the name given to three large open cisterns at Etam, at the head of the Wady Urtas, having an average length of 400 feet by 220 in breadth, and 20 to 30 in depth. These pools derive their chief supply of water from a spring called "the sealed fountain," about 200 yards to the north-west of the upper pool, to which it is conveyed by a large subterranean passage. They are 150 feet distant from each other, and each pool is 20 feet lower than that above it, the conduits being so arranged that the lowest, which is the largest and finest of the three, is filled first, and then in succession the others. It has been estimated that these pools cover in all a space of about 7 acres, and are capable of containing three million gallons of water. They were, as is generally supposed, constructed in the days of Solomon. They are probably referred to in Ecclesiastes 2:6 . On the fourth day after his victory over the Ammonites, etc., in the wilderness of Tekoa, Jehoshaphat assembled his army in the valley of Berachah ("blessing"), and there blessed the Lord. Berachah has been identified with the modern Bereikut, some 5 miles south of Wady Urtas, and hence the "valley of Berachah" may be this valley of pools, for the word means both "blessing" and "pools;" and it has been supposed, therefore, that this victory was celebrated beside Solomon's pools ( 2 Chronicles 20:26 ).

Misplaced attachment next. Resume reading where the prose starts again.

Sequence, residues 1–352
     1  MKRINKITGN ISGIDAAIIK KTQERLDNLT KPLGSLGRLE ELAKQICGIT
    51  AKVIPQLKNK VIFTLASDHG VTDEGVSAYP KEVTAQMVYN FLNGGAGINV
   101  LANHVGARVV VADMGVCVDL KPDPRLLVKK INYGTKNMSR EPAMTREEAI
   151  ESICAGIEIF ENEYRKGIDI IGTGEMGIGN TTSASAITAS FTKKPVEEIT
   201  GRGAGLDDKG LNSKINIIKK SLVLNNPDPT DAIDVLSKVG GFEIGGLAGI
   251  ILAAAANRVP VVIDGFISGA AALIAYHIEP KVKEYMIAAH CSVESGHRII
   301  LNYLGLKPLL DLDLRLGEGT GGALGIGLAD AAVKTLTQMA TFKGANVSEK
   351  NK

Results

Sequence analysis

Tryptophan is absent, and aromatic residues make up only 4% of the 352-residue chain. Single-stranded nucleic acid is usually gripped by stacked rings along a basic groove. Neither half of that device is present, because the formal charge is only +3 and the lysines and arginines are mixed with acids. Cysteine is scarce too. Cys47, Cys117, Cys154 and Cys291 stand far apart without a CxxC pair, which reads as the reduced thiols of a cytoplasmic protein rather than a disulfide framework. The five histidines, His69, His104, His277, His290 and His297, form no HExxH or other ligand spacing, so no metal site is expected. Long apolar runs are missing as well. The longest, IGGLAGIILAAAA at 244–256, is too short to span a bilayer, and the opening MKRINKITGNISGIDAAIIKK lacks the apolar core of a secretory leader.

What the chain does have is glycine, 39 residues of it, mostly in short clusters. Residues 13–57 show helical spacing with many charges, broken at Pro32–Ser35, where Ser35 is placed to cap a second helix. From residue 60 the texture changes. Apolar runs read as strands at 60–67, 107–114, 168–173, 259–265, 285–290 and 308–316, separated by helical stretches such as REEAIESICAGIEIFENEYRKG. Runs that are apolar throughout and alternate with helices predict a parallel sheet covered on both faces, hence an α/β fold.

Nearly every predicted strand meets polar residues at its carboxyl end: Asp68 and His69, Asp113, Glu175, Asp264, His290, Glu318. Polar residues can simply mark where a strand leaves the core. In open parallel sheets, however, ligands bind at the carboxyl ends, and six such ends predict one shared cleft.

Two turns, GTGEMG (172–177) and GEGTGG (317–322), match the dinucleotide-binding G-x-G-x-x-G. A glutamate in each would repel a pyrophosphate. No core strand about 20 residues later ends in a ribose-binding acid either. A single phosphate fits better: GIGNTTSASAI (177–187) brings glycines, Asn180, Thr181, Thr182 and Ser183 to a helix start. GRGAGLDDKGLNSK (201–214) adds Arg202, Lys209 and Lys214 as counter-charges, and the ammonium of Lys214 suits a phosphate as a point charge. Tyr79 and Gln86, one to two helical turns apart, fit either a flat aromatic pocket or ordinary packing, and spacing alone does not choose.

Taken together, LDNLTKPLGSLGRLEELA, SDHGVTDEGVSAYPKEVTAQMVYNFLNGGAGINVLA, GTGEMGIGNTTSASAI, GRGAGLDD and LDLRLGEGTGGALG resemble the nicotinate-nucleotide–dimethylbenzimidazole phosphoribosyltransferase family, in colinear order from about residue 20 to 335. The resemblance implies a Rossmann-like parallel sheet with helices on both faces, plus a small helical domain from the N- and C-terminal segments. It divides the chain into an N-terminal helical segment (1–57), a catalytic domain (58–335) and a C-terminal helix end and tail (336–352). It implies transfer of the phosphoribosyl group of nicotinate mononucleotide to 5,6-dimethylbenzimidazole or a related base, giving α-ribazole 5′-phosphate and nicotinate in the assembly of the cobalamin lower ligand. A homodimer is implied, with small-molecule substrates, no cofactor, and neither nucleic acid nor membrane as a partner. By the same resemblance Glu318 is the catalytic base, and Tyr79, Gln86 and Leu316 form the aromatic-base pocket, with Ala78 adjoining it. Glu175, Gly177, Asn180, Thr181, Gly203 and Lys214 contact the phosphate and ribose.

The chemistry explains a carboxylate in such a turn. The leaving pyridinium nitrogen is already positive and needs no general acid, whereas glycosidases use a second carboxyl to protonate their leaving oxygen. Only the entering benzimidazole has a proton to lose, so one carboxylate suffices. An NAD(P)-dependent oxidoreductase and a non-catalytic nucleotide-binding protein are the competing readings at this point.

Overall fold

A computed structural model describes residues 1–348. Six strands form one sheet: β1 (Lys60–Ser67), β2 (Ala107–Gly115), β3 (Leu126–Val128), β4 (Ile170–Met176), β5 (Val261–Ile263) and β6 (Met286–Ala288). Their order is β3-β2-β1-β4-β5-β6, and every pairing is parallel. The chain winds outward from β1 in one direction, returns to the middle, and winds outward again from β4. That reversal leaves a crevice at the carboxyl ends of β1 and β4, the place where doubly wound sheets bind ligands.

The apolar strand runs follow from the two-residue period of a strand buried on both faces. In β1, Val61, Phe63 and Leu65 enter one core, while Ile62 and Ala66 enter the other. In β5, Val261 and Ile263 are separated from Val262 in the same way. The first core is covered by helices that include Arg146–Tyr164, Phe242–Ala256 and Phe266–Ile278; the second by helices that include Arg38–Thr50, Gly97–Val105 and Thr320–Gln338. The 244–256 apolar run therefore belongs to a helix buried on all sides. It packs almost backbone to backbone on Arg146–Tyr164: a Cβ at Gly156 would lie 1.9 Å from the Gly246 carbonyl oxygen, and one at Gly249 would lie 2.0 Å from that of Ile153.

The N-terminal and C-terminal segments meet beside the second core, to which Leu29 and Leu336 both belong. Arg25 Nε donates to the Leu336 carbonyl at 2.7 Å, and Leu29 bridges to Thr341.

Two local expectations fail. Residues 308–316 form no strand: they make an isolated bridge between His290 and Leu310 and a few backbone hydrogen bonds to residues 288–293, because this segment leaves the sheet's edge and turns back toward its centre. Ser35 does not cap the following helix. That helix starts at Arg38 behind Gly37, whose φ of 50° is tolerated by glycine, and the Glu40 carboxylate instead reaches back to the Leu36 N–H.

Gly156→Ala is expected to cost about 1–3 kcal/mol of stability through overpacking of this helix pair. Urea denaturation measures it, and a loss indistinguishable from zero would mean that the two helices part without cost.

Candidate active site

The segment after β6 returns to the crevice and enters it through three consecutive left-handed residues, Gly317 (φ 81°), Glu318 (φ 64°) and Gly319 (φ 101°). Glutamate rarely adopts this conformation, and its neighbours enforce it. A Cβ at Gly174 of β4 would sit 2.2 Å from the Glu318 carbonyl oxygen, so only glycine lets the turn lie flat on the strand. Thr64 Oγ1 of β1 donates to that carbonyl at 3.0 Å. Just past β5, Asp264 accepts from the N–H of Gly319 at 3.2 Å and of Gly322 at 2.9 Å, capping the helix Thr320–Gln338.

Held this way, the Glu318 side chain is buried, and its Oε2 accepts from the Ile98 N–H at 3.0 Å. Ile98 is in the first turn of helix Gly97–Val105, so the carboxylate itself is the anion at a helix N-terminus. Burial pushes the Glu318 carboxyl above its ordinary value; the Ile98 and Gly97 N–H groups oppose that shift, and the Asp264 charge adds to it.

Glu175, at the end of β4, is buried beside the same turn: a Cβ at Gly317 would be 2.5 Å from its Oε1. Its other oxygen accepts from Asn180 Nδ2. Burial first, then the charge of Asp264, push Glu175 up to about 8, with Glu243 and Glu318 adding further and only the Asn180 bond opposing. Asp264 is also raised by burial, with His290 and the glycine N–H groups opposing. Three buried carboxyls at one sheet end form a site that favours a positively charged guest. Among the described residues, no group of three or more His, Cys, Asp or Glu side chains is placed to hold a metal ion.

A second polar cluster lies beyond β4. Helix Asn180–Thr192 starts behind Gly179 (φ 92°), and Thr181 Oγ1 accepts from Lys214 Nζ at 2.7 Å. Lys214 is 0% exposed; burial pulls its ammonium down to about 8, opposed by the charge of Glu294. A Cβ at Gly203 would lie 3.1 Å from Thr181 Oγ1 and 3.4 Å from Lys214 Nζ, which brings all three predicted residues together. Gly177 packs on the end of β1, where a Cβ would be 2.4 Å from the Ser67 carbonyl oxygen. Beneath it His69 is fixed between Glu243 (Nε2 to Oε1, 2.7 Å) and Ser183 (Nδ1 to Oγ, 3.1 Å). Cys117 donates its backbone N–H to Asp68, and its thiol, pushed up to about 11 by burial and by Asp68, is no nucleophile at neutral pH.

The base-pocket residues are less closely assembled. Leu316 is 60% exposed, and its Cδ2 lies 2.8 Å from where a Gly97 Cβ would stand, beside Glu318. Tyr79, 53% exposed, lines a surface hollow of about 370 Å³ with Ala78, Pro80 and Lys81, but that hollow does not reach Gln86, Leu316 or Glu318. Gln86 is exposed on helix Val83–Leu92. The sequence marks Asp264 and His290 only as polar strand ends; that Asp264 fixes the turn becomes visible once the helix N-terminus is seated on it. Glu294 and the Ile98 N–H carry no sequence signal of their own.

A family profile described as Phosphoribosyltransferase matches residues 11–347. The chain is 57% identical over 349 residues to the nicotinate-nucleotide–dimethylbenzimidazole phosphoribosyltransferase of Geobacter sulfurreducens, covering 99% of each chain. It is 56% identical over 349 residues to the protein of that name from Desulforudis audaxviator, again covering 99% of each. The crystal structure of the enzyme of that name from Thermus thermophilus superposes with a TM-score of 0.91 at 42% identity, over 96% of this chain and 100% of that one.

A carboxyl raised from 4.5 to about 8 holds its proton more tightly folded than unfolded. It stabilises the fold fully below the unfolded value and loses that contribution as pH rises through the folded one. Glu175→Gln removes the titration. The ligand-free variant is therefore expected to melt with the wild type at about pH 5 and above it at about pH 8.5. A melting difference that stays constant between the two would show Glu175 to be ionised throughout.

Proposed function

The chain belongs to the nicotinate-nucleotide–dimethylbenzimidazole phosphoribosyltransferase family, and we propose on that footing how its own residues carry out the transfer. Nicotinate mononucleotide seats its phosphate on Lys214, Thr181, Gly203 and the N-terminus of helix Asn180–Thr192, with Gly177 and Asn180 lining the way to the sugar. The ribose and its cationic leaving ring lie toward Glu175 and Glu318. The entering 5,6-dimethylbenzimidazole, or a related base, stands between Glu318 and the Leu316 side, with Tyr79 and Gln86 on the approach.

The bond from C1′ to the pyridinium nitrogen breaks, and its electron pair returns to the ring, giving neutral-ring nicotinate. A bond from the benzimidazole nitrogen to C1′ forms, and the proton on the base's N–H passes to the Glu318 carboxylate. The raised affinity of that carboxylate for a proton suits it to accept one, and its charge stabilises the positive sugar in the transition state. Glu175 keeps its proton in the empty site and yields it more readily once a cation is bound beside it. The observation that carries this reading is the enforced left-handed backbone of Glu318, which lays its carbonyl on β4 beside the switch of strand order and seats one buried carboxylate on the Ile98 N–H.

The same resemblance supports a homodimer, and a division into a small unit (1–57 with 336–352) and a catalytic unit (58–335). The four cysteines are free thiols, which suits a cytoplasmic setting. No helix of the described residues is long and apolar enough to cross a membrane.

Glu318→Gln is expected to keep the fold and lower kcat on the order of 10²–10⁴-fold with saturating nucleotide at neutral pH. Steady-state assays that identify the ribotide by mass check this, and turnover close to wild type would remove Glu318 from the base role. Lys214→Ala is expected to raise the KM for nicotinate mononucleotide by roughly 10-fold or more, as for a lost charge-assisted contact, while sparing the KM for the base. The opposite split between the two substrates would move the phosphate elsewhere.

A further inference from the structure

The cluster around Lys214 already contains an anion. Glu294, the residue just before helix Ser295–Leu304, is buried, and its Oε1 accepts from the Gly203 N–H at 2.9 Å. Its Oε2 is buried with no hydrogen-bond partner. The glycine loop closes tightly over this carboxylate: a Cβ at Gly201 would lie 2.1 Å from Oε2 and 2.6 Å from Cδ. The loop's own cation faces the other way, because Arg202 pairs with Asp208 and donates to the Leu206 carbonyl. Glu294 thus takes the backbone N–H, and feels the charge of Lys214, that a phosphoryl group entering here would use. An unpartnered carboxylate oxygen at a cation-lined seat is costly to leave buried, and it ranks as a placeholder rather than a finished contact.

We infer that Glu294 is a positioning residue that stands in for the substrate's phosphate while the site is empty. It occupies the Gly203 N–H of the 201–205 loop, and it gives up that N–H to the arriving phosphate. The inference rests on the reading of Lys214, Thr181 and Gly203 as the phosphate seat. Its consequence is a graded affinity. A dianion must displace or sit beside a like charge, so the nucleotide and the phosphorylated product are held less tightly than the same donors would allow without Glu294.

These pools were primarily designed to supply Jerusalem with water. From the lower pool an aqueduct has been traced conveying the water through Bethlehem and across the valley of Gihon, and along the west slope of the Tyropoeon valley, till it finds its way into the great cisterns underneath the temple hill. The water, however, from the pools reaches now only to Bethlehem. The aqueduct beyond this has been destroyed.